Originally serialized in eleven parts in the Hanoi newspaper Tương Lai (Future) and later published as a book in 1937, Lục Xì offers an insider’s perspective to the Hanoi Municipal Dispensary—a center intended to treat women with venereal disease, but according to Phụng, elicited fear from all Vietnamese society. By emphasizing the intense fears women had of the dispensary, Phụng alludes to the deeper social problem of women’s structural vulnerability. He cites cases in which women were wrongly accused of prostitution and kept for an undetermined amount of time in the prison-like dispensary, or instances of physical abuses in the dispensary amongst the registered prostitutes and clandestine prostitutes. In his description of the harassment of a thirteen year-old girl by a Vietnamese detective of the police organization, the Girls Squad, Phụng again highlights the tremendous power imbalances between women and male authority figures. These cases shed light on the immense ineffectiveness of police, administrators, and the dispensary staff to address the spread of venereal disease and the real consequences upon often poor, vulnerable female prostitutes. In this way, Phụng develops a complex view of the commercial sex industry that recognized the both its social, cultural, and political underpinnings and its painful realities.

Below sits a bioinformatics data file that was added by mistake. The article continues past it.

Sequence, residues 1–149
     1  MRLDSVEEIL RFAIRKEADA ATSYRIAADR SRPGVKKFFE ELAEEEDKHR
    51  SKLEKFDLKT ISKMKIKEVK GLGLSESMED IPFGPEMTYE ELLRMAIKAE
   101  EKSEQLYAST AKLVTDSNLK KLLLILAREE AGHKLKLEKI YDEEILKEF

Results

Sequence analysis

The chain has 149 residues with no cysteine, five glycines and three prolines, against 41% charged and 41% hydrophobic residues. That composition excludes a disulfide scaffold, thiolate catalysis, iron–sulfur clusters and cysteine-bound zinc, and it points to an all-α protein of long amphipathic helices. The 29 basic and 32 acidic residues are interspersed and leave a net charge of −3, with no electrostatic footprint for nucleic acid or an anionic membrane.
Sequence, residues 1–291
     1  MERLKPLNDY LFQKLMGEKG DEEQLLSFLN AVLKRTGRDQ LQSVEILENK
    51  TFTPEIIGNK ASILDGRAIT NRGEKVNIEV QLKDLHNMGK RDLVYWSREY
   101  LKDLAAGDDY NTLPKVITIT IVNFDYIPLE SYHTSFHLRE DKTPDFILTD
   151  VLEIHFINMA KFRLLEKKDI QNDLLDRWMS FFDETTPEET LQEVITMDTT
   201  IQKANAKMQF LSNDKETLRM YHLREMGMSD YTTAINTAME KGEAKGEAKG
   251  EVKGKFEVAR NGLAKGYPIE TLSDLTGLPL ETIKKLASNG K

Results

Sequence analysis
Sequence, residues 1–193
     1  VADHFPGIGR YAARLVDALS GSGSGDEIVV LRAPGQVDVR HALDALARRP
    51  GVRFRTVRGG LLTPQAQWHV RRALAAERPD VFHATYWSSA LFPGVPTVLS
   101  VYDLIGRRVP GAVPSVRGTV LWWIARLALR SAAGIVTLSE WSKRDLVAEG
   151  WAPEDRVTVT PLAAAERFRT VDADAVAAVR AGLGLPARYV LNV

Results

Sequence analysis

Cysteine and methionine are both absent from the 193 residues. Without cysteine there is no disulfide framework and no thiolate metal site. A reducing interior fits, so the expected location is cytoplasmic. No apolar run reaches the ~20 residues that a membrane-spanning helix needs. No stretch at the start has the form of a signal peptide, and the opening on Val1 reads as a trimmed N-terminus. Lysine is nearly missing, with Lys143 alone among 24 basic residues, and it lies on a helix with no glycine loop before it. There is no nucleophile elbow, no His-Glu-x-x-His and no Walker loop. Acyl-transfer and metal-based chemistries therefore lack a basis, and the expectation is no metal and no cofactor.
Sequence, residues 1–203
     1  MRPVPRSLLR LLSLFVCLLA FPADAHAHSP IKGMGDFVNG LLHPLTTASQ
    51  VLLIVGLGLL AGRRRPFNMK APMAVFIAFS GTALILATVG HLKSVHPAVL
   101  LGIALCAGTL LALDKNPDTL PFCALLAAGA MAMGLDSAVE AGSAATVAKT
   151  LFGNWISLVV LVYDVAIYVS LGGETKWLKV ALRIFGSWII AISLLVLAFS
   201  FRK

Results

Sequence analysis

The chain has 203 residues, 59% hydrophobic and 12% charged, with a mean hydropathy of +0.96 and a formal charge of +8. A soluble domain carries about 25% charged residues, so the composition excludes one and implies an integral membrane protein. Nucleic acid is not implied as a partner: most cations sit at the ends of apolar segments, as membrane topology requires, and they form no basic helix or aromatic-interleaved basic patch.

Rather than a complete condemnation of prostitution, Phụng takes a critical eye towards the development of the commercial sex industry—a multifaceted and overwhelmingly large-scale enterprise that Phụng argued included prostitutes, hotel boys, opium dens, clients, police, administration, and the dispensary. Determined to uncover the root of prostitution, Phụng examined legal documents and interviewed administrators, police, and prostitutes to understand their perspectives towards the regulation of prostitution. In this way, he provides a wide spectrum of debates on prostitution ranging from the inevitability of prostitution to a hardline criticism of prostitution and the condemnation of “changing customs” that corrupted the “solid morality and good character” of the Annamite woman.[ii]